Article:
This blog post was submitted by Dr. Lisa Sachdev
The information below came from BioTE, it was not written by Dr. Sachdev. It is being posted for the benefit of our patients and the general public.
Testosterone & Immune Function
Testosterone plays a well-documented role in regulating the immune response. Just like estrogen enhances the immune response, testosterone is essential in keeping this response in check. Without sufficient testosterone, many men are susceptible to overactive immune responses aimed at trying to fight infection. This response, termed a “Cytokine Storm,” can have disastrous effects on an already sick patient and may be fatal in some cases. A recent study conducted on 45 patients in Hamburg, Germany, discovered a link between low testosterone and patient susceptibility to COVID-19.
Testosterone is further important to the body’s ability to fight infection through its role in managing stress and promoting sleep. Imbalances in estrogen and testosterone may affect a patient’s emotional state, which can have a negative impact on the immune system. Moments of high stress can increase anxiousness and can make it difficult for patients to fall and stay asleep. Insufficient sleep can drastically weaken the immune system and undermine patient health. On the other hand, sufficient sleep can increase infection-fighting antibodies and other health-promoting cells.
As we age, andropause in men and menopause in women can cause hormone imbalance and make sleeping soundly a challenge. In men, balancing testosterone levels using Bioidentical Hormone Replacement Therapy (BHRT) may help promote restfulness. During sleep, the body releases pro-inflammatory cytokine proteins, which are essential for fighting infection. Studies have shown that sleep plays a role in how these proteins promote the interaction between antigen-presenting cells and T helper cells and may play a role in the formation of immunological memory.
Estrogen, Progesterone, & Immune Function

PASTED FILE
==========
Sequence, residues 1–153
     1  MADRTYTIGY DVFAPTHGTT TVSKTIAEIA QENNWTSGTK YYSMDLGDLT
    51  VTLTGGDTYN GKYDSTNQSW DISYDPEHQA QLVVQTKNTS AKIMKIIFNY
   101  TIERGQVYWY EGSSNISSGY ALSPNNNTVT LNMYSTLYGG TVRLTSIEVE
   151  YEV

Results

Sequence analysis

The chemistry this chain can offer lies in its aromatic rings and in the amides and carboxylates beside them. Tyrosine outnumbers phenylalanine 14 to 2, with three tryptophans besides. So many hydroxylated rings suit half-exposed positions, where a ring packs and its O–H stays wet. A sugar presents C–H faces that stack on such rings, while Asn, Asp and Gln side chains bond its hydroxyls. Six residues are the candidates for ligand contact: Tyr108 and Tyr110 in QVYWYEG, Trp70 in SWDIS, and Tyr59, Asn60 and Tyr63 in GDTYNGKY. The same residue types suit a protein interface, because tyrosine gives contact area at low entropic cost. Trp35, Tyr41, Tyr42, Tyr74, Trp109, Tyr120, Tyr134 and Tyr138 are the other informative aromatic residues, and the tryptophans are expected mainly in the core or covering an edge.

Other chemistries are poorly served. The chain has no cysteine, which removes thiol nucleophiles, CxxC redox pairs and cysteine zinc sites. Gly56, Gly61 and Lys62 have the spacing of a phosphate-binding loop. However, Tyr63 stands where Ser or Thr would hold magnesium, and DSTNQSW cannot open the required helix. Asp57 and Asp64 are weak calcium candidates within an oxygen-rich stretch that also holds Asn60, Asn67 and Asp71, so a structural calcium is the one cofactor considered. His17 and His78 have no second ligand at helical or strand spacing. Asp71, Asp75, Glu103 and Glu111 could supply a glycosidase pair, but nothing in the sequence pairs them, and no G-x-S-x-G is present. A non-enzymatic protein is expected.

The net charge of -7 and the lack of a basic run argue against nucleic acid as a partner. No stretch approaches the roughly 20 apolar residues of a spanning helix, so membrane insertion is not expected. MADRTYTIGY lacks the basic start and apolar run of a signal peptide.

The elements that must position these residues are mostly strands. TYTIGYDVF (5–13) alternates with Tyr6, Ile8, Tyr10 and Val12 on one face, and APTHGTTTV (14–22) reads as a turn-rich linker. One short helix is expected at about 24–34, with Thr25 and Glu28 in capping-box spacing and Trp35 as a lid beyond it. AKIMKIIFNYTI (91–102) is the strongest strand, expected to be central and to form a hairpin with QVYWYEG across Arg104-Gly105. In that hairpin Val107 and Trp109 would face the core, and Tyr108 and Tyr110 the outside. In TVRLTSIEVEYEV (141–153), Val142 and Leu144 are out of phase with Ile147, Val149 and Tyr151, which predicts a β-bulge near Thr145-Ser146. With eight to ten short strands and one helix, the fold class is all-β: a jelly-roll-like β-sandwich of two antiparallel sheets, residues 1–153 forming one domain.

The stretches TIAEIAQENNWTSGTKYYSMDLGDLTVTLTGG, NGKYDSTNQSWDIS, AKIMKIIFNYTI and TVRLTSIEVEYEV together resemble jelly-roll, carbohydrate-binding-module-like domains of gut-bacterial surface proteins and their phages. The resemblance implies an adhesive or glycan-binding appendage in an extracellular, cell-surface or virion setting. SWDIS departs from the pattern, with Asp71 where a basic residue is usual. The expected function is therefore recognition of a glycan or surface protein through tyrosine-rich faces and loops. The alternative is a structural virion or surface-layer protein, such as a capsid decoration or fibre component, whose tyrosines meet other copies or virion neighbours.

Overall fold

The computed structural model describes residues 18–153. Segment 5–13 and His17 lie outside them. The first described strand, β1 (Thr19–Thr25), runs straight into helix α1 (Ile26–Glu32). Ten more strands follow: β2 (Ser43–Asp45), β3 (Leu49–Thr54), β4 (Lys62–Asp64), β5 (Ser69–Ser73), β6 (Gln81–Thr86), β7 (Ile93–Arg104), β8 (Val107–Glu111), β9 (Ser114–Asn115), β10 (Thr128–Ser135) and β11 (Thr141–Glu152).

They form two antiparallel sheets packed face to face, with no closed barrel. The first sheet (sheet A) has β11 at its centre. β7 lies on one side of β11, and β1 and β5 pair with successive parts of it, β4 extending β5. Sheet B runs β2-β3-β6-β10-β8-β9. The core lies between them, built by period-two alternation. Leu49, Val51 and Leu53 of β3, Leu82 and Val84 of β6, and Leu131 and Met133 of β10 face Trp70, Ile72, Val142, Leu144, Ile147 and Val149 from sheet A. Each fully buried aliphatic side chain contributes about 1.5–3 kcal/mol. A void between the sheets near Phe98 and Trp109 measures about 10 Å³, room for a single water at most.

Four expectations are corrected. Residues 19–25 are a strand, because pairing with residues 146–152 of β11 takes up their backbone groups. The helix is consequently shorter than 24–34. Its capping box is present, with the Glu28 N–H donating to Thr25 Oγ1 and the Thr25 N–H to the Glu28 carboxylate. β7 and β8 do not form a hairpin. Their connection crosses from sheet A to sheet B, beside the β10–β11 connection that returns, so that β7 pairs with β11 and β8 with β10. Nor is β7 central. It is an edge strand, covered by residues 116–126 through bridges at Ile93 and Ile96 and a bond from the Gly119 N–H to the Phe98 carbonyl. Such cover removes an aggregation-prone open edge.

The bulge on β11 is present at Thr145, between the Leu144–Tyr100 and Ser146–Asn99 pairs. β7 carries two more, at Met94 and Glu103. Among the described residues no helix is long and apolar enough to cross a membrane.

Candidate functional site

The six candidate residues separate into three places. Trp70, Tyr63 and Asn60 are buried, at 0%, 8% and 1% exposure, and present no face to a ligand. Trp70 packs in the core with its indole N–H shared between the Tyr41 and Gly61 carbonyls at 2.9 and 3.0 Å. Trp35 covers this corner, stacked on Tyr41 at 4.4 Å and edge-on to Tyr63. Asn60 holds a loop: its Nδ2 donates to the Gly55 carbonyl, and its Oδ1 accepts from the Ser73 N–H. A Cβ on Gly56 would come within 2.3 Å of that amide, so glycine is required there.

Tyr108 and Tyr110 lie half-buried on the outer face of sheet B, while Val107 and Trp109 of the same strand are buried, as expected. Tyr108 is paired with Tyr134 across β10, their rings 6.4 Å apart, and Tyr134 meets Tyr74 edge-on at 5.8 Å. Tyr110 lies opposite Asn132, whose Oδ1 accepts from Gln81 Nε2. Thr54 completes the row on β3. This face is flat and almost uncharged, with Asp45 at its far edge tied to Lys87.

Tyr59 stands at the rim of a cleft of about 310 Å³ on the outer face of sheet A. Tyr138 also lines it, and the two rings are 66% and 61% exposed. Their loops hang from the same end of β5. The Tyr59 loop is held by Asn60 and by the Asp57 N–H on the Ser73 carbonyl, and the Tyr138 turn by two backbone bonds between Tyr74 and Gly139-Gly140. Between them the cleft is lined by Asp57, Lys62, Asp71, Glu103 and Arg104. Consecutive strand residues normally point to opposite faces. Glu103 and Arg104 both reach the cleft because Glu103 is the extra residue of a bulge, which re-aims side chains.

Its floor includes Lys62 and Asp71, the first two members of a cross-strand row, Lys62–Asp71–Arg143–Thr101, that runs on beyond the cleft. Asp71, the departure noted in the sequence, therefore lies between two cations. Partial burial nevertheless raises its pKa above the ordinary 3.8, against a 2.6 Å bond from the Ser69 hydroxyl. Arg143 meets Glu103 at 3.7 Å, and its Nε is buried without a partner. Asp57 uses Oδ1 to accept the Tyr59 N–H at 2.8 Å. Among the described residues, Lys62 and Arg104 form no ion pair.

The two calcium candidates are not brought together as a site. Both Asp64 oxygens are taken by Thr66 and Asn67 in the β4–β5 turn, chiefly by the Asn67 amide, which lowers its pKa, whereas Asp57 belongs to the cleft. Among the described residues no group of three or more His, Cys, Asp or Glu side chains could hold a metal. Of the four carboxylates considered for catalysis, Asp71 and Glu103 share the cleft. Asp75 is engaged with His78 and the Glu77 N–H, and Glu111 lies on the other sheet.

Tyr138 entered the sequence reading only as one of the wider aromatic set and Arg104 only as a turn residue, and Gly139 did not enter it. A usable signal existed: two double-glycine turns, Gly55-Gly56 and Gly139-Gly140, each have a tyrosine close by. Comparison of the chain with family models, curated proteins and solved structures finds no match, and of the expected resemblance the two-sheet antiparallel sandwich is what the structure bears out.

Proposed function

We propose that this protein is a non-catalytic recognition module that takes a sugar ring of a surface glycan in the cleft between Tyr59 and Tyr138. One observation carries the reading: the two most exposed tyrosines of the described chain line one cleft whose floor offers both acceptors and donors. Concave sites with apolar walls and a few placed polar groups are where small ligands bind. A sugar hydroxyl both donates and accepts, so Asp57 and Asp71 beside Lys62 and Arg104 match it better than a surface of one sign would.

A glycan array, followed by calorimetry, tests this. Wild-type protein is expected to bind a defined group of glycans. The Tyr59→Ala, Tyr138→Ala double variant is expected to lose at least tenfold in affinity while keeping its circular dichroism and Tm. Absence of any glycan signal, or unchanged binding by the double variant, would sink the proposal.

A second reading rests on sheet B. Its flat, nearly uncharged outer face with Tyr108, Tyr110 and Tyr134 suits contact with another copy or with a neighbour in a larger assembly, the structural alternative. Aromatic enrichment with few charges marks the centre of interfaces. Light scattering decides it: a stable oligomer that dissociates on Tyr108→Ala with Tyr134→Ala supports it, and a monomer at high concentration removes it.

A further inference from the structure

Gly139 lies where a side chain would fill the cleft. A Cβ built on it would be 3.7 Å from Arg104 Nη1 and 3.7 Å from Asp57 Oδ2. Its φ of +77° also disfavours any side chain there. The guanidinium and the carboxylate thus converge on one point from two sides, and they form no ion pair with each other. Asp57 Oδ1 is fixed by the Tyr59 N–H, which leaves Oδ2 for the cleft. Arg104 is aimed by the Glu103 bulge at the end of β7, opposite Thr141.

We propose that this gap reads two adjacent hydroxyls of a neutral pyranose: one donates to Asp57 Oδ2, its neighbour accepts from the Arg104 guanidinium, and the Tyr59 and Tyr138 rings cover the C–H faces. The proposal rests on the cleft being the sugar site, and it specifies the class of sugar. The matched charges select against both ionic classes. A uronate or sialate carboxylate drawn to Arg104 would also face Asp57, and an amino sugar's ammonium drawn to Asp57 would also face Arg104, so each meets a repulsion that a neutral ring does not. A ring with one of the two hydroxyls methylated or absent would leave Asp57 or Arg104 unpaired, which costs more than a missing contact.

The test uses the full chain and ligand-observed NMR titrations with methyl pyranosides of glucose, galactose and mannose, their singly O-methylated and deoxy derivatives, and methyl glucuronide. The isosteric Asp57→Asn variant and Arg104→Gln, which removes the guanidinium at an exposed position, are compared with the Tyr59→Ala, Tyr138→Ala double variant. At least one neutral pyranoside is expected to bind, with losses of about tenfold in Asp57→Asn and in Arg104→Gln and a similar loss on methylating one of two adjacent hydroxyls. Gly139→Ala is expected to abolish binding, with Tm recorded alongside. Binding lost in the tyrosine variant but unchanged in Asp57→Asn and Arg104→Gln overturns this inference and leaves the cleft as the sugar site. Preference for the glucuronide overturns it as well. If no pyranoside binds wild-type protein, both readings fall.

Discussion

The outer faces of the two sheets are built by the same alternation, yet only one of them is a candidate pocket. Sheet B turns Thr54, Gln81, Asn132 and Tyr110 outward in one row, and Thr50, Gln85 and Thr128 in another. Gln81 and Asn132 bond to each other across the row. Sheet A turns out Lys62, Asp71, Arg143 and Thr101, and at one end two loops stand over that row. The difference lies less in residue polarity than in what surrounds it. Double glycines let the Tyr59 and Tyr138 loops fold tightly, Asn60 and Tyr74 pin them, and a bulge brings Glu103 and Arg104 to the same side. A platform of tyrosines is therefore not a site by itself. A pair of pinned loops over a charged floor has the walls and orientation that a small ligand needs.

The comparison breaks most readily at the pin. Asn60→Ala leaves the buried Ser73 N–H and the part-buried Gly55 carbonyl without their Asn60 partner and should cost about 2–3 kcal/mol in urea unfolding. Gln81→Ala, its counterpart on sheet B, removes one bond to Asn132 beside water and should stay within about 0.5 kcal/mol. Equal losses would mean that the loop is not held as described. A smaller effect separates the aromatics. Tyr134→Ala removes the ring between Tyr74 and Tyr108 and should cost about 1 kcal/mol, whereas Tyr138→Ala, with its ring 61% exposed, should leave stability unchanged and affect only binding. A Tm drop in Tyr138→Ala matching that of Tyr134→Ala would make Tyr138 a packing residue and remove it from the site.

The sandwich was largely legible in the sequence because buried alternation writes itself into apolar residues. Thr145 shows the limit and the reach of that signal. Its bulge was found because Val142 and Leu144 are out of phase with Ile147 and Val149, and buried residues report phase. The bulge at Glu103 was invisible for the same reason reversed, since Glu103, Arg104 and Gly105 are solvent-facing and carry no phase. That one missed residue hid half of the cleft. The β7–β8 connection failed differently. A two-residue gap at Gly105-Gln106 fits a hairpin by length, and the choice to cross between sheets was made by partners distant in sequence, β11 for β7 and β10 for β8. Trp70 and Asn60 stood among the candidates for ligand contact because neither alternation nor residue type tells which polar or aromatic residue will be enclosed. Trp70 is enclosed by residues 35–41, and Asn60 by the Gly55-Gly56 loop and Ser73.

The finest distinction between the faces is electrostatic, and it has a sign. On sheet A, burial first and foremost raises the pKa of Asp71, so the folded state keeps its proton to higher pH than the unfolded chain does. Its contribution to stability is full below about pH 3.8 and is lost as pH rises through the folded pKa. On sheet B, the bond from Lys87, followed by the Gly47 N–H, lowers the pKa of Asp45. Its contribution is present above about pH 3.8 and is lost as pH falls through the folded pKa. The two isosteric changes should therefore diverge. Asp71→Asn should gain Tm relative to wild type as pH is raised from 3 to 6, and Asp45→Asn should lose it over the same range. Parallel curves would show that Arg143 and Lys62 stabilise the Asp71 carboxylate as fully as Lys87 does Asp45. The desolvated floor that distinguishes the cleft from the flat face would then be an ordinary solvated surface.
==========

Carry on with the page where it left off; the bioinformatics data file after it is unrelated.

Women have been shown to have a heightened immune system as compared with their male counterparts. This difference in immune response may be tied to estrogen levels. Estrogen interacts with immune cells, mostly through estrogen receptors. These receptors affect multiple aspects of immune cell function, including T cell activation and multiplication. T cells are especially important because they help the body fight infection. Estrogen is also responsible for helping to regulate and boost other cells in the immune system, including neutrophils and natural killer cells. Estrogens can also alter the function of macrophages, the white blood cells that help remove foreign particles, bacteria, and viruses from the bloodstream.
While vitamin D has long been known to be essential to immune response, there may also be a relationship between progesterone, vitamin D, and the immune system. Within the immune system, vitamin D helps regulate protective T cells. Progesterone may increase T cell reception of vitamin D. This increased sensitivity to vitamin D may boost the production of these protective cells, thus creating a more robust immune system overall.
IF YOU ARE NOT SURE WHAT YOUR LEVELS ARE SCHEDULE A BLOOD DRAW TO HAVE IT CHECKED.
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